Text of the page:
The first time I did this, I felt like I’d done something dirty. My, previously, beautifully lean Rails controllers had started getting fat and I didn’t know what to do. Eventually, I fixed my controller with a service object.

Before you start reading this article, let’s pretend:

  • This application handles a Twitter account.
  • The Rails Way means “the conventional Ruby on Rails way of doing things” and the book doesn’t exist.
  • I’m a Rails expert… which I’m told every day that I am, but I have trouble believing it, so let’s just pretend that I really am one.

What Are Service Objects?

Service objects are Plain Old Ruby Objects (PORO) that are designed to execute one single action in your domain logic and do it well. Consider the example above: Our method already has the logic to do one single thing, and that is to create a tweet. What if this logic was encapsulated within a single Ruby class that we can instantiate and call a method to? Something like:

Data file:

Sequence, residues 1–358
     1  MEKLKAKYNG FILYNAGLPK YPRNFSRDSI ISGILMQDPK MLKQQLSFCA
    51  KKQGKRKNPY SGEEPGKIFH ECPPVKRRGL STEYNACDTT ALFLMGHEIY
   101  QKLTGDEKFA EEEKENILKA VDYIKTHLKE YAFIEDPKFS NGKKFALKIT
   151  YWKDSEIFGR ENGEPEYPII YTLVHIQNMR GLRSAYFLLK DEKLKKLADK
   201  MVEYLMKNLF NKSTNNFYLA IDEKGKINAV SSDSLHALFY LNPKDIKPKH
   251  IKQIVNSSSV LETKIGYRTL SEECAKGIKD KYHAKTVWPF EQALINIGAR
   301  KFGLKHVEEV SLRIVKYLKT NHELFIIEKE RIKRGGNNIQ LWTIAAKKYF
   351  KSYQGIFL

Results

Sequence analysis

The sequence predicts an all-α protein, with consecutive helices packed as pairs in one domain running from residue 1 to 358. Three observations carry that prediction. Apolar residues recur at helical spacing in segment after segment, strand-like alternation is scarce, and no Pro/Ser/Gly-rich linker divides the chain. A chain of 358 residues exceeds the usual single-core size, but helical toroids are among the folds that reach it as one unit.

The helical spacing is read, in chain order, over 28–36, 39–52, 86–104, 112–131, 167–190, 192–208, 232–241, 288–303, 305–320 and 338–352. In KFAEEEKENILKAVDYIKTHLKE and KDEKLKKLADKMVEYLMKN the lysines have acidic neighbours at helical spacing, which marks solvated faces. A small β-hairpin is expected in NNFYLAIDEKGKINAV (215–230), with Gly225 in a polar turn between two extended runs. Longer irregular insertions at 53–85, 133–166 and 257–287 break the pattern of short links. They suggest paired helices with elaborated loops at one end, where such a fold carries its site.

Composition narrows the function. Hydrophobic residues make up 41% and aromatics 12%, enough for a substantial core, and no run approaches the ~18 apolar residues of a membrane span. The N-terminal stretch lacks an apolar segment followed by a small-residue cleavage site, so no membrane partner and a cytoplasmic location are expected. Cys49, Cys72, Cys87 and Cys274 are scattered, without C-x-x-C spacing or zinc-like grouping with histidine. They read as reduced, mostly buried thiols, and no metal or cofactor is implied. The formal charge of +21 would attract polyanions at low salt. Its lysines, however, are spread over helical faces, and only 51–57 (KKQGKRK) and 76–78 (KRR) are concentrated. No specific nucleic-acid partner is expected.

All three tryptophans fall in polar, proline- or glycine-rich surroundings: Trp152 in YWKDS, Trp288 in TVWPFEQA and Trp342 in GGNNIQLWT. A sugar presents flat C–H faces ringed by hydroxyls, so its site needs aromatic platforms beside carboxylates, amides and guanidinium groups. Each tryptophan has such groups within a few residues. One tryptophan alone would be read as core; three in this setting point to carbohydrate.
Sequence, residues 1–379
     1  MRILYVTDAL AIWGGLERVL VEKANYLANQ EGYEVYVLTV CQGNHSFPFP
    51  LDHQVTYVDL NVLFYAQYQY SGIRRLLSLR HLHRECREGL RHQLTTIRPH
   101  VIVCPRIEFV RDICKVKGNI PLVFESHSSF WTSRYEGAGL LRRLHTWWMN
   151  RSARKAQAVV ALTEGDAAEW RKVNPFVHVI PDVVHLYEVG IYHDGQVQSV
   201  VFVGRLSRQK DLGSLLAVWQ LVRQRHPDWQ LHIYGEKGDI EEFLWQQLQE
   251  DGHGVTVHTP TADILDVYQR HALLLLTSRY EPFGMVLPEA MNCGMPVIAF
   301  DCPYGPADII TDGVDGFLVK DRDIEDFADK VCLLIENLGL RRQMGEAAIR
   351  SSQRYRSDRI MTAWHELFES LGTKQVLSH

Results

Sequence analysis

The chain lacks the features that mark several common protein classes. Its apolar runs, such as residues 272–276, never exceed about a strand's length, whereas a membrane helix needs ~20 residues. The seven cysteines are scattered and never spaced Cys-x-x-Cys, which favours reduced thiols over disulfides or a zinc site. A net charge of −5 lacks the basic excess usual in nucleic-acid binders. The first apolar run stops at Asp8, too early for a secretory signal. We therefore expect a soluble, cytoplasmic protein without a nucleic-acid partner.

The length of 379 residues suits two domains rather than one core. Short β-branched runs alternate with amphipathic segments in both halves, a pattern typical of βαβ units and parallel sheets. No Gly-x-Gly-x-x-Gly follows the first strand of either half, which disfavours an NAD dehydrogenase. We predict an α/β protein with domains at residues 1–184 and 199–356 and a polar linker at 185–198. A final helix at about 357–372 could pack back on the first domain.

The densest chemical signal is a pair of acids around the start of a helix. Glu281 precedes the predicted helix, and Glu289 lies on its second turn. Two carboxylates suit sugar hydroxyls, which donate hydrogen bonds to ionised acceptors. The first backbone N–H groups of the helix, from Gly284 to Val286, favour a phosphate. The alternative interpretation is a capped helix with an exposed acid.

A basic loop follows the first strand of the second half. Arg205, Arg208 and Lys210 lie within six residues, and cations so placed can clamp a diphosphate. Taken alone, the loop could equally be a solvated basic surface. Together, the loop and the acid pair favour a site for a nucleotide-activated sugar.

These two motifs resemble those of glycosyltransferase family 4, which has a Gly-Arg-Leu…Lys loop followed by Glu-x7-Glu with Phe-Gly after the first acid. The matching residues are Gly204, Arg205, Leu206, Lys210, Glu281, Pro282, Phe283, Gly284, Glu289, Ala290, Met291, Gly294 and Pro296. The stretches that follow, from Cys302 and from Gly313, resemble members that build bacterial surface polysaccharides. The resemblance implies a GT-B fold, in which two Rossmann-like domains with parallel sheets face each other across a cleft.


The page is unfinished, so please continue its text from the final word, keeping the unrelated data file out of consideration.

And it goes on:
tweet_creator = TweetCreator.new(params[:message])
tweet_creator.send_tweet


# Later on in the article, we'll add syntactic sugar and shorten the above to:

TweetCreator.call(params[:message])

This is pretty much it; our TweetCreator service object, once created, can be called from anywhere, and it would do this one thing very well.

Creating a Service Object

First let’s create a new TweetCreator in a new folder called app/services:

$ mkdir app/services && touch app/services/tweet_creator.rb

And let’s just dump all our logic inside a new Ruby class:

# app/services/tweet_creator.rb
class TweetCreator
  def initialize(message)
    @message = message
  end

  def send_tweet
    client = Twitter::REST::Client.new do |config|
      config.consumer_key        = ENV['TWITTER_CONSUMER_KEY']
      config.consumer_secret     = ENV['TWITTER_CONSUMER_SECRET']